4. Surette MG. The cystic fibrosis lung microbiome. Ann Am Thorac Soc. 2014;11(Suppl 1):S61-S65.
5. Sanders DB, Bittner RC, Rosenfeld M, et al. Failure to recover to baseline pulmonary function after cystic fibrosis pulmonary exacerbation. Am J Respir Crit Care Med. 2010;182(5):627-32.
6. Klepac‐Ceraj V, Lemon KP, Martin TR, et al. Relationship between cystic fibrosis respiratory tract bacterial communities and age, genotype, antibiotics and Pseudomonas aeruginosa. Environmental Microbiology. 2010;12(5):1293-1303. https://doi.
7. Zhao J, Schloss PD, Kalikin LM, et al. Decade-long bacterial community dynamics in cystic fibrosis airways. Proceedings of the National Academy of Sciences. 2012;109(15):5809-5814.
8. Flanagan J, Brodie E, Weng L, et al. Loss of bacterial diversity during antibiotic treatment of intubated patients colonized with Pseudomonas aeruginosa. Journal of Clinical Microbiology. 2007;45(6):1954-1962.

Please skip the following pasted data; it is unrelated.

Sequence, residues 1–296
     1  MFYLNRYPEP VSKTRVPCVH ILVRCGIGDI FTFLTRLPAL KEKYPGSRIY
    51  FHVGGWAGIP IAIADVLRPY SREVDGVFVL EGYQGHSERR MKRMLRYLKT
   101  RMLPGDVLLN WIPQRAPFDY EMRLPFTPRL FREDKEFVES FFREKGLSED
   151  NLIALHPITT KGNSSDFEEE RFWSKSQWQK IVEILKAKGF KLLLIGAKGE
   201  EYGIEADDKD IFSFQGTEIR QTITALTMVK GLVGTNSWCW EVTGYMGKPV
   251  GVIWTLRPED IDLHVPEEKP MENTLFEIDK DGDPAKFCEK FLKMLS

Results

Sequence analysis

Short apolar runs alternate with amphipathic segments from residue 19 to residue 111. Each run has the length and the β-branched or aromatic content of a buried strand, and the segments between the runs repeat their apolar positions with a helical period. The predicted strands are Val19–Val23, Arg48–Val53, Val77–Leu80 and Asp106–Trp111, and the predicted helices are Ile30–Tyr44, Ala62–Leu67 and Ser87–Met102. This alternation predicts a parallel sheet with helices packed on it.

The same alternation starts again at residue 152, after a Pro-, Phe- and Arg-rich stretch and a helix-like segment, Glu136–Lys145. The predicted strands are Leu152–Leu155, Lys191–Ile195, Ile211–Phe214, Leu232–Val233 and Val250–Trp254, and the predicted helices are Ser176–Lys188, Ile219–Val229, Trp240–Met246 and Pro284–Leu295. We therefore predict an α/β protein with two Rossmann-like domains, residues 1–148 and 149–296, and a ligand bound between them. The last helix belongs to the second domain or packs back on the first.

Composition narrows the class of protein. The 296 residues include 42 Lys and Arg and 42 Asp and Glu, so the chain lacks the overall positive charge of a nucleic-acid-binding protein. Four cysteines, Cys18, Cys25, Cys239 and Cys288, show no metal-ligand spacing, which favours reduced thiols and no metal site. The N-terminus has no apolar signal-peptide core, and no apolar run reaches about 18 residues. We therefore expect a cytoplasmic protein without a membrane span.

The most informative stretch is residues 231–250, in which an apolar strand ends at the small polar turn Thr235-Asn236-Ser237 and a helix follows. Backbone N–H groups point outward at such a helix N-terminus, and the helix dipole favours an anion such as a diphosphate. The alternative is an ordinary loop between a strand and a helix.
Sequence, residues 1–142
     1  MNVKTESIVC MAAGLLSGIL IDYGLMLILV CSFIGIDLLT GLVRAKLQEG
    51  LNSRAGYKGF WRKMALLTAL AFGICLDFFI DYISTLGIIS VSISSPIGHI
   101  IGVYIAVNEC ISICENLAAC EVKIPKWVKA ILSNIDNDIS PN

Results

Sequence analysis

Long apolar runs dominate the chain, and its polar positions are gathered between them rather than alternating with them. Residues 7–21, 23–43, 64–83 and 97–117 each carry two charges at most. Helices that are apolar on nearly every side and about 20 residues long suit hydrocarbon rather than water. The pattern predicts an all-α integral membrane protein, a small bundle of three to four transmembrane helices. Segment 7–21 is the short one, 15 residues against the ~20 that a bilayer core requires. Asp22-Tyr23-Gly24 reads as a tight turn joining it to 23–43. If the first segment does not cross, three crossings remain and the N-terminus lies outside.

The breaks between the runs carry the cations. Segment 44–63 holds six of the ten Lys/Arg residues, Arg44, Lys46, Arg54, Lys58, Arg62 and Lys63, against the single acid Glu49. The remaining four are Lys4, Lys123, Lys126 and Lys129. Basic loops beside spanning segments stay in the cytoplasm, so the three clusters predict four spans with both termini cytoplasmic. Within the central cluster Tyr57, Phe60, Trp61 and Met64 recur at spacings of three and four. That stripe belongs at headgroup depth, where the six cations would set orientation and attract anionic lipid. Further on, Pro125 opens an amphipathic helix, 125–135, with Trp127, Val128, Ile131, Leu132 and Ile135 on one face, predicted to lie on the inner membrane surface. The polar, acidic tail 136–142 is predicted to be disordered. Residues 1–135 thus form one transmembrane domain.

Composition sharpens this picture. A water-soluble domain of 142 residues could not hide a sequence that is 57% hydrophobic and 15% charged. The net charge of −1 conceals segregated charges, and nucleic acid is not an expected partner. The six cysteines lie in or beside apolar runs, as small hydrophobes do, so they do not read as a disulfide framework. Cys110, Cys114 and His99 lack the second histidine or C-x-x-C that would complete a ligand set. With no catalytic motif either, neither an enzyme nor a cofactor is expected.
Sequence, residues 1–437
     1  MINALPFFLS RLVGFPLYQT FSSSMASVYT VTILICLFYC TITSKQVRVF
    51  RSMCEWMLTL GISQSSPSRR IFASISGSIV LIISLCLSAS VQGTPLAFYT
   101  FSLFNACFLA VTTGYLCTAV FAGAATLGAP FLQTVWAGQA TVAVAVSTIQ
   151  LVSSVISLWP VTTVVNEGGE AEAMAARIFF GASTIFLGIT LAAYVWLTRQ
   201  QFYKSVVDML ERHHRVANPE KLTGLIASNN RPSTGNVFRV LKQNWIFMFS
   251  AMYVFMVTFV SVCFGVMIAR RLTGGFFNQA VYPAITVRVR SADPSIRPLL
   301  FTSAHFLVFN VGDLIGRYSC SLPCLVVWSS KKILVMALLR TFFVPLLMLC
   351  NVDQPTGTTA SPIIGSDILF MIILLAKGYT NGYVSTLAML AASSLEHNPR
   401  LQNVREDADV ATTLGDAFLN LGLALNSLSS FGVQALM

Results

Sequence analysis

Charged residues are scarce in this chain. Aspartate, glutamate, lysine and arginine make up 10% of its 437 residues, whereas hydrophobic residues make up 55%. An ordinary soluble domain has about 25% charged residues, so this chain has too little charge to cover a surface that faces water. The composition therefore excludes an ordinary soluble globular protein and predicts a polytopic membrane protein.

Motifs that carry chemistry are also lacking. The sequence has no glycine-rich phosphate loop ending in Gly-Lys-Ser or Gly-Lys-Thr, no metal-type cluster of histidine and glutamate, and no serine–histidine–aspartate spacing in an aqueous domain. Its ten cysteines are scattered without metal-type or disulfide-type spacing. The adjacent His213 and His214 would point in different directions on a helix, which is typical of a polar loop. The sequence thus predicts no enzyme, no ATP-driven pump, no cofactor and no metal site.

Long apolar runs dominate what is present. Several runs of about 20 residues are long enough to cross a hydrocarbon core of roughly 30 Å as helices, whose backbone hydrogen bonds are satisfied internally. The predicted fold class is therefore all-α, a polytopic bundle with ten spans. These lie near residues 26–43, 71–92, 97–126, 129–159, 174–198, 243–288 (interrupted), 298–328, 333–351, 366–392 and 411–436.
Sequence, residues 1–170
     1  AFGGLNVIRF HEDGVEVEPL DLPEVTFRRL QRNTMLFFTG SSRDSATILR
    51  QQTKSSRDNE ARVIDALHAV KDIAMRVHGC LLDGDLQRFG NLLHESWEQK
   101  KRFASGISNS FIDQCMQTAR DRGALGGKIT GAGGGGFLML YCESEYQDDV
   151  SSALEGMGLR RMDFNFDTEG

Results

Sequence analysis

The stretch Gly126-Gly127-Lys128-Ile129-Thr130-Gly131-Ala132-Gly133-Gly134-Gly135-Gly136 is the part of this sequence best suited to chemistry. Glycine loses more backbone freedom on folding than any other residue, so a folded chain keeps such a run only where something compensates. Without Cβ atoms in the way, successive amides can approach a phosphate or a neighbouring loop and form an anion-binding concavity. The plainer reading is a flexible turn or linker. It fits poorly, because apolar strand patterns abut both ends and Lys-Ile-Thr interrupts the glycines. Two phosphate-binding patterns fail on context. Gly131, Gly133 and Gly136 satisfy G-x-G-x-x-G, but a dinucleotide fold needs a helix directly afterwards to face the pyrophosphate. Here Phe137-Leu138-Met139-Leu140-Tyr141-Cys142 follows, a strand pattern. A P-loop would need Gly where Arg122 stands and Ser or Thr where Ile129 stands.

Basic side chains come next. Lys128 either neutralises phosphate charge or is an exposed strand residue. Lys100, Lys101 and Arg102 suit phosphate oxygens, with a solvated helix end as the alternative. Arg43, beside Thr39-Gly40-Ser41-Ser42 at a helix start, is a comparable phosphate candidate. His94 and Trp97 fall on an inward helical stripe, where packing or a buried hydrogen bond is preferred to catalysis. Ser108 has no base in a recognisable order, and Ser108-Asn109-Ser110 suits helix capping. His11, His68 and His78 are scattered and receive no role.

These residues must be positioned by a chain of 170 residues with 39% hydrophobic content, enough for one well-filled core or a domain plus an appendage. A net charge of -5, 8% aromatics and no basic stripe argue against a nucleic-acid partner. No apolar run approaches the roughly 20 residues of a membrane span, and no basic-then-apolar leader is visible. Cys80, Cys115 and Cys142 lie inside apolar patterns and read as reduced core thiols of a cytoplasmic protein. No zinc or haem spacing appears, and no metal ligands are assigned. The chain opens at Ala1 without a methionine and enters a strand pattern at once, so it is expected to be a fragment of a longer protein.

9. Cox MJ, Allgaier M, Taylor B, et al. Airway microbiota and pathogen abundance in age-stratified cystic fibrosis patients. PloS One. 2010;5(6):e11044.
10. Rawashdeh M, Manal H. Cystic fibrosis in Arabs: a prototype from Jordan. Ann Trop Paediatr. 2000;20(4):283-286.
11. Nazer HM. Early diagnosis of cystic fibrosis in Jordanian children. J Trop Pediatr. 1992;38(3):113-115.
12. Comeau AM, Accurso FJ, White TB, et al. Guidelines for implementation of cystic fibrosis newborn screening programs: Cystic Fibrosis Foundation workshop report. Pediatrics. 2007;119(2):e495-e518.
13. Farrell PM, Rosenstein BJ, White TB, et al. Guidelines for diagnosis of cystic fibrosis in newborns through older adults: Cystic Fibrosis Foundation consensus report. The Journal of Pediatrics. 2008;153(2):S4-s14.
14. De Boeck K, Wilschanski M, Castellani C, et al. Cystic fibrosis: terminology and diagnostic algorithms. Thorax. 2006;61(7):627-635.
15. Flume PA, Mogayzel Jr PJ, Robinson KA, et al. Cystic fibrosis pulmonary guidelines: treatment of pulmonary exacerbations. American Journal of Respiratory and Critical Care Medicine. 2009;180(9):802-808.